Spotlight on Podiatric Medicine

Every year, about one thousand medical students apply to podiatric medical school. Podiatric medicine is focused on the treatment of foot and ankle disorders. These health care professionals are educated in advanced techniques involving surgery, orthopedics, dermatology, physical medicine and rehabilitation. To learn more about this health care career, we spoke with Jane Andersen, DPM, President of The North Carolina Foot & Ankle Society. Dr. Andersen has 25 years of experience and is a mentor in the AACPM DPM Mentors Network. She frequently has students shadow her in the Chapel Hill area. (EHC): Why did you choose health care?
Jane Andersen (JA): I’ve been interested in health care since I was young. I used to practice doing surgery on my stuffed animals at age 6, so I guess I was destined to be some sort of doctor.

EHC: There are so many different careers to explore in health care. What inspired you to enter this specific field?

JA: When I was an undergraduate at Indiana University, I walked miles every day, often in terrible shoes. Eventually, I developed a horrible foot pain. When I visited the student health center, four doctors stared at my foot and had absolutely no idea what was wrong with me. I was told to find a podiatrist, and after some research, I found one who promptly cured me of my problem. I love that this field allows me to make people feel better.

EHC: Briefly describe your work experience as well as your current position and what it entails.

JA: After I finished school, I completed a three-year residency at the VA in Palo Alto and Stanford University. I’ve worked at a county hospital and with a multispecialty group. Now, I work in a private practice with two other doctors, but our practice is part of a large supergroup, with associated offices across North and South Carolina.

Also, I’m the president of our state association and I serve the communications committee of the APMA, our national organization. This includes serving as a consultant for media requests in regard to foot and ankle health.

EHC: What are the day-to-day tasks for a podiatrist?

JA: In my practice, I usually arrive at about 8 a.m. and see patients most of the day until about 5 p.m. I often have charts to finish after that. On some days, I have surgery as early as 7:30 a.m. Occasionally, I have a patient in the hospital and will need to round on them daily, as well. When I’m in the office, I see a variety of problems including heel pain, tendinitis, bunions, hammertoes, metatarsalgia, broken bones, skin lesions and sports medicine. Many of my colleagues have much more intense lifestyles, taking calls from the hospital and performing surgery late into the evening. There are a variety of options in our profession, including research and teaching.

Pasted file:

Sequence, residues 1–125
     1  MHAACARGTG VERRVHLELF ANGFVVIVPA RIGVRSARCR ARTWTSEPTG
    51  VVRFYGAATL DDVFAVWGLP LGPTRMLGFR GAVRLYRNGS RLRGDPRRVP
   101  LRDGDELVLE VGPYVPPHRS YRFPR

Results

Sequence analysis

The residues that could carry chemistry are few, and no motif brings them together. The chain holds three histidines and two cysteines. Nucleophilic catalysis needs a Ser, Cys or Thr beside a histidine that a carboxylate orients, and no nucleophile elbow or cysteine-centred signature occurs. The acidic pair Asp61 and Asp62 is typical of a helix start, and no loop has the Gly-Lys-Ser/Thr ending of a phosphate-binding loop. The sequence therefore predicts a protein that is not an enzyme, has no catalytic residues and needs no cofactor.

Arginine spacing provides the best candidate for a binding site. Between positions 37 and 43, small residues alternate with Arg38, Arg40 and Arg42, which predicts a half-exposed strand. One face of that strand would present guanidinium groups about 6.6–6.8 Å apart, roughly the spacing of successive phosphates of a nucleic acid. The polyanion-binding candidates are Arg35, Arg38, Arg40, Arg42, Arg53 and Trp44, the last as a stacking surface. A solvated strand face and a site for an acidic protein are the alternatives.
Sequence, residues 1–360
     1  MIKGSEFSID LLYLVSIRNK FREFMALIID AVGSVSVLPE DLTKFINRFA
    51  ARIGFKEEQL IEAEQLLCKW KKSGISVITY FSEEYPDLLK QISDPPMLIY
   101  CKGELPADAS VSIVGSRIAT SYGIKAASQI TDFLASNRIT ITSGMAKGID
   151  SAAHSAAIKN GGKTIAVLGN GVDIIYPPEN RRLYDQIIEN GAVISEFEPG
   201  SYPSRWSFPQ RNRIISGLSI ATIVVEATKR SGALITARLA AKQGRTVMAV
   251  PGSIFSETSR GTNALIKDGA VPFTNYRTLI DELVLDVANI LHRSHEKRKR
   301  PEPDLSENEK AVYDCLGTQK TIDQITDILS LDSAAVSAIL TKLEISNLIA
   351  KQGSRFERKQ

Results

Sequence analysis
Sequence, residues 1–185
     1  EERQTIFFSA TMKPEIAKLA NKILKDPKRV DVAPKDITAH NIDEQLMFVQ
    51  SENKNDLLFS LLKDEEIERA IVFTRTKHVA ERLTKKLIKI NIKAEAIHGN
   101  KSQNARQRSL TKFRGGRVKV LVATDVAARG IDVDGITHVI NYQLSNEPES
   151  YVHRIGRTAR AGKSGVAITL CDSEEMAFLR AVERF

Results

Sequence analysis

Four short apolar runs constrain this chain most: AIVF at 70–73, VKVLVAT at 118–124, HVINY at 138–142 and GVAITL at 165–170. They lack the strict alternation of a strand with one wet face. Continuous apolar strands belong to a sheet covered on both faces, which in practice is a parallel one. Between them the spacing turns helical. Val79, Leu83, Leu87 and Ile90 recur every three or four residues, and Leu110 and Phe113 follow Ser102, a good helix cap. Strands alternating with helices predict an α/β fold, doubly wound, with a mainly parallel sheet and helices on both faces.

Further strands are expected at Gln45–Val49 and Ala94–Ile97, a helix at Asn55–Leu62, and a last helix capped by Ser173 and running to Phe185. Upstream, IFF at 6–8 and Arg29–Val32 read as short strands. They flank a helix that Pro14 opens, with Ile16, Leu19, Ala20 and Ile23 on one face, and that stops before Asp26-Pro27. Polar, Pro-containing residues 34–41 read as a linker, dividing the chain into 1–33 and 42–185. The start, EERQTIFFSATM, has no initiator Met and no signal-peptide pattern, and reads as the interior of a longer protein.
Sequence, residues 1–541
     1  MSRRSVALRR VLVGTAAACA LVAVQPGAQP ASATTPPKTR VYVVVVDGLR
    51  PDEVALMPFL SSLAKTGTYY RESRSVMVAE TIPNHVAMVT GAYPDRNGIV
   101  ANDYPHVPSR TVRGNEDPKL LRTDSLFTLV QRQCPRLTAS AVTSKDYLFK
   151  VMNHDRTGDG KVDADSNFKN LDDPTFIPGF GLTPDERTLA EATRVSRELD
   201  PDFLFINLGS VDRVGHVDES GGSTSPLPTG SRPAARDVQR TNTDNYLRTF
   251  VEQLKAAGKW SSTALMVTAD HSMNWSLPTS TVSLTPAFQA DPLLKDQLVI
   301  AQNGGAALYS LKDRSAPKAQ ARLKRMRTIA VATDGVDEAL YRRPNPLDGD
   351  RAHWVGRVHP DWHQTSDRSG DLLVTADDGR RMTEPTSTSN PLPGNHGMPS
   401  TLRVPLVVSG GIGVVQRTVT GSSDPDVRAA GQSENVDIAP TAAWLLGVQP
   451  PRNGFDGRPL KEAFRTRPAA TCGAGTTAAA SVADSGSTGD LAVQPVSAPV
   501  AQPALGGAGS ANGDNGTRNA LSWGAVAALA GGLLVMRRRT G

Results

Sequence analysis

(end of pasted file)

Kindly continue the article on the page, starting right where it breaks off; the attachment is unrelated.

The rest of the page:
EHC: What do you wish the public understood about podiatry?
JA: That we do the bulk of foot and ankle surgery and we’re well trained to do so.

EHC: What advice do you have for students interested in going into podiatry?
JA: First, visit the AACPM website and check out the mentor’s network to find a Doctor of Podiatric Medicine (DPM) to shadow. You’ll have to shadow a podiatrist to apply to school. Check out the premed requirements (similar to other medical schools) and study hard.

EHC: Do you suggest any classes, programs or activities that are not directly related to medicine but that help students succeed in podiatry?
JA: My husband and I are both podiatrists. When I was young, I used to sew and he did woodworking. As it turns out, it helps to have both skills in surgery. When we were students, I helped him learn to suture and he helped me with power tools and screws. Neither is necessary, but both proved to be helpful.

EHC: Where should readers who are interested in podiatry go after they explore the information about it available on
JA: Here are some great resources:

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